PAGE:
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Thu July 18 2019

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Hand signals for when excavators are used as cranes: new code of practice

8 Jul The Off-highway Plant & Equipment Research Centre (OPERC) at Birmingham University has published a voluntary code of practice, ‘Hand signals for when excavators are used as cranes’.

The voluntary code of practice seeks to prescribe a set of universally accepted hand signals, specifically designed to train and educate operators and banksmen throughout industry when using excavators as cranes to handle objects.

It includes illustrations of 23 different signals that banksmen are recommended to use, ranging from the simple directions to start and stop operations to more complex travel on one crawler track, crowd in/out dipper and boom section in or down.

Although excavators are designed for digging, not lifting, and general safety advice remains that contractors should only ever select the right machine for the job, OPERC’s initiative is recognition of widespread custom and practice across the construction industry, and the need to make it safer.

The introduction to the document states: “Excavators are also increasingly being used for performing certain lifting operations on site, hereafter referred to as using excavators as cranes. A purpose-designed lifting point fitted to the excavator is used to allow a freely suspended load to be lifted, moved and positioned. Whilst an excavator should not automatically be the first option considered for a lifting operation, its widespread application for smaller, non-precision and repetitive lifting tasks must be recognised and as such the lifting operation must comply with, and undergo, a thorough examination as required by the Lifting Operations and Lifting Equipment Regulations 1998 (LOLER, 1998).”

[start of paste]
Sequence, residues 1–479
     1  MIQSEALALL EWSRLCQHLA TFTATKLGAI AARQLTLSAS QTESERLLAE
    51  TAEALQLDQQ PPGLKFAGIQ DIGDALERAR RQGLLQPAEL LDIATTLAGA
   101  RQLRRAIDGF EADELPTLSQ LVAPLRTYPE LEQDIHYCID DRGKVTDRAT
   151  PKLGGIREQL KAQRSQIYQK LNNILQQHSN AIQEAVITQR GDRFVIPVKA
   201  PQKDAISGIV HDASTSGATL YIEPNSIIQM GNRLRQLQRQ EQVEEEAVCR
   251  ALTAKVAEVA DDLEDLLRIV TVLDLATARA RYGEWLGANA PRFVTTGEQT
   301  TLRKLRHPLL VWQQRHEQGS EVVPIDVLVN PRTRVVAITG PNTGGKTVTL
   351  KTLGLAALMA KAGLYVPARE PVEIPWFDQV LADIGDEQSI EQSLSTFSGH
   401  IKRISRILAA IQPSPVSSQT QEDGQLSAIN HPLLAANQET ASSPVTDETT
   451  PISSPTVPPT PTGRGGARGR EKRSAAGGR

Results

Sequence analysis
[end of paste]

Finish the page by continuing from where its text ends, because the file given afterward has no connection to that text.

The document says: “Using excavators as cranes adds a further layer of risks to an operation. Some of these are due to incorporation of the lifting process itself, such as failure of the lifting equipment or unplanned detachment of part or all of the load being lifted. Others arise from the fact that excavators are designed primarily as a digging machine, not lifting, so they move differently and more quickly, particularly when turning and slewing; this increases risks such as instability or contact with objects or persons.

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“Effective communication between site personnel is crucial in mitigating many of the risks that lead to these accidents and incidents. When utilising excavators as cranes, the banksman…forms an important symbiotic partnership with the machine’s operator. The banksman is the person who directs the movement of the machine from the points near where a load is attached and detached – particularly when the excavator operator may not have clear visibility. Communication is often achieved using a combination of mobile telecommunications devices, verbal commands and importantly hand signals. However, despite this essential role, there are at present no international standards available that define and prescribe hand signals for banksmen when excavators are used as cranes to handle objects. Furthermore, there is no universal agreement in operator training courses on what signals should be used in the event that an excavator is utilised as a lifting device. Such a notable gap in current practice literature can lead to poor communication and confusion between the operator and banksman, and to unnecessary incidents, accidents or fatalities occurring.”

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